Newspaper article Pittsburgh Post-Gazette (Pittsburgh, PA)

Anti-Poverty Program Succeeding, Report Finds Achievements Seen Even as Fundraising Doesn't Meet Needs

Newspaper article Pittsburgh Post-Gazette (Pittsburgh, PA)

Anti-Poverty Program Succeeding, Report Finds Achievements Seen Even as Fundraising Doesn't Meet Needs

Article excerpt

Four years after Pittsburgh's first Circles chapter formed in East Liberty, Circles of Greater Pittsburgh has helped participants nearly triple their assets and shed more than $5,000 of debt on average, according to a 2017 evaluation of four local chapters.

It also has helped several buy first homes and start businesses.

It has hit these marks despite a rocky period in which chapters have outgrown capacity and allies have been in short supply.

Circles is an anti-poverty model that teams people of means with people who lack means. The have-nots are the leaders and their mentors are allies. That wording puts the poor in charge of their own progress. Allies bring to the mix their skills and social and economic connections - knowing someone who has an in, say, or someone who is hiring - and a commitment to listen and validate.

But inadequate fundraising is "the biggest threat to Circles groups nationally," according to the evaluation conducted by Gordon Hannah, a founder of the Sharpsburg chapter.

The report indicated Greater Pittsburgh is struggling to support all its chapters. Besides East Liberty and Sharpsburg, they are in Homewood and Pitcairn.

At this week's three-day international Circles conference at Eastminster Presbyterian in East Liberty, one breakout session focused on how to pitch Circles to the wider community to educate and raise money.

"If they don't have a lot of resources, they tend to be understaffed, so all the effort goes into just running it," Mr. Hannah said. "The aspects of community outreach tend to get short shrift. I hope in time more energy goes into that."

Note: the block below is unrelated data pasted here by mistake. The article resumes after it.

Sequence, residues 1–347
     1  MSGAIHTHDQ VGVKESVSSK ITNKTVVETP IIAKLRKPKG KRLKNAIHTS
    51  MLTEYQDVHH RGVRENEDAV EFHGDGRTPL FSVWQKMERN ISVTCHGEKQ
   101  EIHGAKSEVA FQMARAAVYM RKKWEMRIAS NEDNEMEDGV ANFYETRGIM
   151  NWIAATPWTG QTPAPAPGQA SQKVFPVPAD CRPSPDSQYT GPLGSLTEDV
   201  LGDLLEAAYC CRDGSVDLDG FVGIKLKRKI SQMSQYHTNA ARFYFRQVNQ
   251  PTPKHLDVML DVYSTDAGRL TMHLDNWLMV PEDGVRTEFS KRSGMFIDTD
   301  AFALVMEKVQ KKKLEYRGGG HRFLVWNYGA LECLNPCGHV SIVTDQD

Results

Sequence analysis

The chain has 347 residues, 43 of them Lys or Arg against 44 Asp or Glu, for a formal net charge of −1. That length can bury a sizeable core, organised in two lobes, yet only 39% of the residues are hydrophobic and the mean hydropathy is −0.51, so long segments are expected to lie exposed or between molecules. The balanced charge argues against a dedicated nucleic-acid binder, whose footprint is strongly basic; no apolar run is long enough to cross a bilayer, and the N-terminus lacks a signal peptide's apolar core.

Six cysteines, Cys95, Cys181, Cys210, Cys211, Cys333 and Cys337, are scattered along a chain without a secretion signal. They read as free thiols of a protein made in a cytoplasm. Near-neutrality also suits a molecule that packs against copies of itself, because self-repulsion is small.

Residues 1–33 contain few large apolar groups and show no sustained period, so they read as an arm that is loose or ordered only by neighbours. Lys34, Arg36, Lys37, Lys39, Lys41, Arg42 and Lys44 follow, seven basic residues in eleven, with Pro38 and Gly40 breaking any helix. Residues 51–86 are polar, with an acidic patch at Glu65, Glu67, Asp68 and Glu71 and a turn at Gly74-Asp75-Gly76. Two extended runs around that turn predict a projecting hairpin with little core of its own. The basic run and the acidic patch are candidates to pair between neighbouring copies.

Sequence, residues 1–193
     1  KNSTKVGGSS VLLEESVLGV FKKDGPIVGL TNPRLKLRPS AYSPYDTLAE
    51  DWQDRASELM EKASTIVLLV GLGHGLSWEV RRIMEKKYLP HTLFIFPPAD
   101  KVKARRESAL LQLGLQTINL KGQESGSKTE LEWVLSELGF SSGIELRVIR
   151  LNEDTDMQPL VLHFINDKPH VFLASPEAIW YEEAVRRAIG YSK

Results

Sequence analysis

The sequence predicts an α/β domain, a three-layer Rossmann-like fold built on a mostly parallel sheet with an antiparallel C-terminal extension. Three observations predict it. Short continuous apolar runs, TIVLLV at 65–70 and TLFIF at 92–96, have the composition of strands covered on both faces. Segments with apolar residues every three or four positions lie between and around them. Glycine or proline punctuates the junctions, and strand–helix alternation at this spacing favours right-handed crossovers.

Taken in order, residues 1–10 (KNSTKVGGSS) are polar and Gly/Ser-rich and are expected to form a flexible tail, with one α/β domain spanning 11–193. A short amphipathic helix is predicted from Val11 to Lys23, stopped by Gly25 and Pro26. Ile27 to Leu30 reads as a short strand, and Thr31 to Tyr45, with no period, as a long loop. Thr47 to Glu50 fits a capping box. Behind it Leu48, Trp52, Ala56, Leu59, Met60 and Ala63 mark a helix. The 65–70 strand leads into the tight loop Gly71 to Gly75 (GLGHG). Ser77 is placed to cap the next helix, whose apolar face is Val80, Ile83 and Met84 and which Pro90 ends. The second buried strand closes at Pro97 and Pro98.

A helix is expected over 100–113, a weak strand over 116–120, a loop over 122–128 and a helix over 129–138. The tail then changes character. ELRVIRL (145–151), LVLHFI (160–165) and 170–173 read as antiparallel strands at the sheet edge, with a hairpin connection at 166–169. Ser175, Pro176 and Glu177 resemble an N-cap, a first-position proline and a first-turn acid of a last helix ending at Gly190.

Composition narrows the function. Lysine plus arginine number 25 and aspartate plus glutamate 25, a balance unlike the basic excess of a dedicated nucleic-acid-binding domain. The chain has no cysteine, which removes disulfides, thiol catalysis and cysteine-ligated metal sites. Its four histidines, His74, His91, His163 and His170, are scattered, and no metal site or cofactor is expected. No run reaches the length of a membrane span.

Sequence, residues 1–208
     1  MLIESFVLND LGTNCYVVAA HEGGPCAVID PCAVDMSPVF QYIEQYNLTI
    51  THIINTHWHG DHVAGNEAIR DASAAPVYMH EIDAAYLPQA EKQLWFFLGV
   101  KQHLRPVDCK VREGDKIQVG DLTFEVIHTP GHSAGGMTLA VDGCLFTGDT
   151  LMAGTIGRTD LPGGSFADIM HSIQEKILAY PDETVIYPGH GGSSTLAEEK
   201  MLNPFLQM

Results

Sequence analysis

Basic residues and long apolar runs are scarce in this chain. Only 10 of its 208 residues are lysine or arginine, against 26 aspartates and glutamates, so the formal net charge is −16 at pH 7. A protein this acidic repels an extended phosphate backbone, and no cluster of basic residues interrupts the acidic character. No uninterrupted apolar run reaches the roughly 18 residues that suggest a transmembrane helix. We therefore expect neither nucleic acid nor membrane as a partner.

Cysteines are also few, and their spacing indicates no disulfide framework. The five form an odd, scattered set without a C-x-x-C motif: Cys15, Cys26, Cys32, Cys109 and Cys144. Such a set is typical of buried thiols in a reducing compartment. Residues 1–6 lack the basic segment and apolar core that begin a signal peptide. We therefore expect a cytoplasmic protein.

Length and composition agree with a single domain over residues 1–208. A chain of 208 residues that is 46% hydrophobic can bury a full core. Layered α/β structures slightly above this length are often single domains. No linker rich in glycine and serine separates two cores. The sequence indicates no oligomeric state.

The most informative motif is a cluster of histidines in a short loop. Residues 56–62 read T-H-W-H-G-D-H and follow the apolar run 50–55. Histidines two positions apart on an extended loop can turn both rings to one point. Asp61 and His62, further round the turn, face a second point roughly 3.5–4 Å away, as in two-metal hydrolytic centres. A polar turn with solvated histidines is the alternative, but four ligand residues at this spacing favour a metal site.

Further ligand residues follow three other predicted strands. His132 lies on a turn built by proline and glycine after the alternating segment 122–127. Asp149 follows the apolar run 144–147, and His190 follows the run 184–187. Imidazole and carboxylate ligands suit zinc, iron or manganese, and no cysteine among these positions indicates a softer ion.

Typically, 80 percent of funding in Circles nationwide comes from foundations, the report says.

The Heinz Endowments is a major funder in this region, supporting multiple chapters, including in Westmoreland County, since 2013 at more than $1.4 million.

"A fourth grant will go before our board in May," said John Ellis, a spokesman for the endowments. "We're very pleased with the work Circles has been doing."

Desi-Rai LaPrade joined Circles East Liberty in 2015. She lived in public housing at East Liberty Gardens before it was demolished. She since has been renting in the Hill District but wanted to own a home for herself and her 11-year-old son.

Open Hand Ministry is renovating a home in Garfield that she has been preapproved to buy. Open Hand organizes skilled volunteers to refurbish homes so mortgages are lower for people climbing out of poverty.

In Circles, Ms. LaPrade said, "I have been able to pay down my debts and work on my spending habits. I've gained a lot of contacts, people you can reach out to for advice, such as filing taxes and job connections. My ally helped me with my budget and my resume."

She was unemployed when she joined Circles. She now works for Gateway Health Plan as an appeals analyst for Medicare claims. …

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